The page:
Police watchdog fears Lincolnshire may lose more frontline officers

Lincolnshire Police.
Lincolnshire Police.
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Lincolnshire Police may have to cut frontline numbers to meet further savings targets, according to a watchdog’s report.

Her Majesty’s Inspectorate of Constabulary has been tracking forces’ responses to budget cuts since 2011.

This week it revealed the results of that work, which found that although Lincolnshire’s police were coping well so far, further cuts could affect frontline officers.

The report said the force had already made significant cuts and had few options left.

It added: “Having taken more decisive action than most forces in order to close its funding gap, there are few places left for the force to turn. It will become increasingly difficult for it to continue to protect its frontline.

“In addition to these challenges, there is a level of uncertainty and instability within the force. The decision by the police and crime commissioner to suspend the temporary chief constable was unsettling for the workforce.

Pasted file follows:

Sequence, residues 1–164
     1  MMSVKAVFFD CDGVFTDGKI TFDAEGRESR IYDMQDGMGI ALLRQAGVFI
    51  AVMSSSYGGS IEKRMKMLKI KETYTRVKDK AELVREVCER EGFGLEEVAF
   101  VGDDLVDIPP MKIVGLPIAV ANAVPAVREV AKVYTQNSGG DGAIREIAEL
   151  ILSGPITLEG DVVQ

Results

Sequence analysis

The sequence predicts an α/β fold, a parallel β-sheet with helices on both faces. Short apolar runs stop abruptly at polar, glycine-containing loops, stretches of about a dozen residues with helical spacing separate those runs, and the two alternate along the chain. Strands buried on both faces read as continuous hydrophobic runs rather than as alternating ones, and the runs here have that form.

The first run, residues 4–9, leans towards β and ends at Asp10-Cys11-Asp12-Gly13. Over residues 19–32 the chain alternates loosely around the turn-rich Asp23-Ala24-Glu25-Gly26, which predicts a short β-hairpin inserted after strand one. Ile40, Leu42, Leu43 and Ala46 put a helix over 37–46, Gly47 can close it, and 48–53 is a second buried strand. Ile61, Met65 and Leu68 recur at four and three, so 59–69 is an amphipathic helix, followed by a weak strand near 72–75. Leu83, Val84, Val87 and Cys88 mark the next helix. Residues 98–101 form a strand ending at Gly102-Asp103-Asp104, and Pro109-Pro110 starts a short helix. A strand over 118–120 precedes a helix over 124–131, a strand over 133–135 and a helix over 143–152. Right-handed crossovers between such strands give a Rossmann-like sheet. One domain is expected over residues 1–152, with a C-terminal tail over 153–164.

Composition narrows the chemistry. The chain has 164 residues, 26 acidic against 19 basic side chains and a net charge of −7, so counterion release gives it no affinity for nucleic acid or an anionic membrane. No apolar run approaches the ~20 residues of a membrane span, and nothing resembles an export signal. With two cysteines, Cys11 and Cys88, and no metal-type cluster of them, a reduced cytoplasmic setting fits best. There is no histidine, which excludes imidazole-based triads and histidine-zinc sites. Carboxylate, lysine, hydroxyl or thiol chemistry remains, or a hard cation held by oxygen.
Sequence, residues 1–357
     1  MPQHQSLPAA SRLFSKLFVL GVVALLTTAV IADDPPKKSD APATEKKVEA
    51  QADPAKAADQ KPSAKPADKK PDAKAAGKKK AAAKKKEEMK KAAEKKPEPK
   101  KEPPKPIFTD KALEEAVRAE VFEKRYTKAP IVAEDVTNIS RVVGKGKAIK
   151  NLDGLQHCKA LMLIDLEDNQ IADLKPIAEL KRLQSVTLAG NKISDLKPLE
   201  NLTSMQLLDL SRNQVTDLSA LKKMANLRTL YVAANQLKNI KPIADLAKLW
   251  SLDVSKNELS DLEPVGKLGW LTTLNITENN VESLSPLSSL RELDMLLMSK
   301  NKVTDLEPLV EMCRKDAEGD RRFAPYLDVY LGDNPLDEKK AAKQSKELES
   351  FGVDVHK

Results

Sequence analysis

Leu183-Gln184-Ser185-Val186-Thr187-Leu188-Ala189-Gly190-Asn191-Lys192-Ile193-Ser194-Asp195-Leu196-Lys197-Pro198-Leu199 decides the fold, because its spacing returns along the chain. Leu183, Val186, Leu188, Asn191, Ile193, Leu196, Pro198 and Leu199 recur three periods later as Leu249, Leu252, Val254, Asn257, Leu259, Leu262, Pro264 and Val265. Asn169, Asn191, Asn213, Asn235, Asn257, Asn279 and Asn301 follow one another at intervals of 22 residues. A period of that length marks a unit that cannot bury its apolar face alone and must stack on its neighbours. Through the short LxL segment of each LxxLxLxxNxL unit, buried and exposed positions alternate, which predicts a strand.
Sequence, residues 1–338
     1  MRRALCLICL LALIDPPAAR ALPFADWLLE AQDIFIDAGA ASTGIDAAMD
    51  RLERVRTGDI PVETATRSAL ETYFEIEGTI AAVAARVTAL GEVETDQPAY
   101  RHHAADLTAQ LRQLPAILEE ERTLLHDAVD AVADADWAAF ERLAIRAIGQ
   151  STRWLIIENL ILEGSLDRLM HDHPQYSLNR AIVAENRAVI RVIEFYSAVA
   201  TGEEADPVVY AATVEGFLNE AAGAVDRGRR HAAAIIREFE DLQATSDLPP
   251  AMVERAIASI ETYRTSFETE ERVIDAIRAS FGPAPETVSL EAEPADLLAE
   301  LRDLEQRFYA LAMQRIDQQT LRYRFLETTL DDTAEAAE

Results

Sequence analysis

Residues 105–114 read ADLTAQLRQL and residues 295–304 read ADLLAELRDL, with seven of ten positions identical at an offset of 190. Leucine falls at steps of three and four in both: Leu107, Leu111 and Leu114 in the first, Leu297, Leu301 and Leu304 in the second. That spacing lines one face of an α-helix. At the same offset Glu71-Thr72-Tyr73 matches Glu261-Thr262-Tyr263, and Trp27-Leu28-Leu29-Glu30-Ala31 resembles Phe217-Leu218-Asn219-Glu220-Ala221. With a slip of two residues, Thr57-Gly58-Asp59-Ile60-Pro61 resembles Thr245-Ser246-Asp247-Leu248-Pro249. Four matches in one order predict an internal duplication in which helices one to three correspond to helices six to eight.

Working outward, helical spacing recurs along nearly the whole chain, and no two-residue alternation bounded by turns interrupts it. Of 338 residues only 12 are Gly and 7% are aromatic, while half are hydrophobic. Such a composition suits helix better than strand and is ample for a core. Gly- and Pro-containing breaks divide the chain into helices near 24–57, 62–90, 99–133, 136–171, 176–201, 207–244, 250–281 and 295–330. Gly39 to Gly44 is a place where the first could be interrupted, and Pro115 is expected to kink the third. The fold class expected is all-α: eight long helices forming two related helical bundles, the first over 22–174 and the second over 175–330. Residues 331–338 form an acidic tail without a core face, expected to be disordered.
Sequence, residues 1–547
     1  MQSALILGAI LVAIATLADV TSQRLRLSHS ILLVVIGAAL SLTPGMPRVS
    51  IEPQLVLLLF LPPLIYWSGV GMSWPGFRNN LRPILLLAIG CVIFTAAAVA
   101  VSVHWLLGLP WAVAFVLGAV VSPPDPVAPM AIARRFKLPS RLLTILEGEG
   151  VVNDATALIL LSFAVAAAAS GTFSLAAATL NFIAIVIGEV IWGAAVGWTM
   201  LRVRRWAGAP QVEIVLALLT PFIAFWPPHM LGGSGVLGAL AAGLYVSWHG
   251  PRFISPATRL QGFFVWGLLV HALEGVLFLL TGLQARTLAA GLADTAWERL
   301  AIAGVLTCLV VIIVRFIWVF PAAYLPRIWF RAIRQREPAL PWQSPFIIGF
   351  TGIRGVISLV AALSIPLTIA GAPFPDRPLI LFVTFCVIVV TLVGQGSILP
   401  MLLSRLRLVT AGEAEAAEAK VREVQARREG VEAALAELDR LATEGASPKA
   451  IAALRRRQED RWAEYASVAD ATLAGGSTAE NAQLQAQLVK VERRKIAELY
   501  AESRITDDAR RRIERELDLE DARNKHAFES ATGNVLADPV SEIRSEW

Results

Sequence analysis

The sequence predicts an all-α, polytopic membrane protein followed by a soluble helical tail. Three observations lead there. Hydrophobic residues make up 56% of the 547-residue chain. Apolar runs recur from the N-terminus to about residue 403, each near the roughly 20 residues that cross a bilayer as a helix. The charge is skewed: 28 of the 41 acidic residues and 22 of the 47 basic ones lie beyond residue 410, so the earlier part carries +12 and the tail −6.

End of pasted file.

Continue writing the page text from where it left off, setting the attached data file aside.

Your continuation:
“Since HMIC’s on-site inspection, key members of the top team have moved to other forces, with a consequent loss of expertise and leadership capability.

“It is important that Lincolnshire Police has a strong and stable leadership team that can continue to engage and lead staff with confidence through what will be challenging times ahead. Given the degree of challenge the force faces, it is imperative that the police and crime commissioner and the force deliver their shared vision for the next phase of change.”

Lincolnshire has been trying to save £19.8m, or 16 per cent of its budget, over the four years of the Government’s spending review between March 2011 and March 2015.

It has cut £18.3m from its budget but still has to find £1.5m of further savings.

Despite the cuts, recorded crime excluding fraud has fallen by 16 per cent in the county since March 2011.

Police and Crime Commissioner Alan Hardwick said: “This report underlines once again that the Government’s funding formula for policing is not equitable. It positively discriminates against Lincolnshire.

“It cannot be right that not only does spending on policing vary so widely across the country, but also that in some areas such as Lincolnshire, local taxpayers shoulder a much greater burden through the council tax for the cost of policing.

“If everyone spent the same as we do in Lincolnshire, the police service in England would cost around £1bn less.”

The watchdog found that Leicestershire Police still needed to save £6.2m before March 2015.

But it was encouraged by the direction taken by Police and Crime Commissioner Sir Clive Loader, who “is now developing a more sustainable approach to making savings.”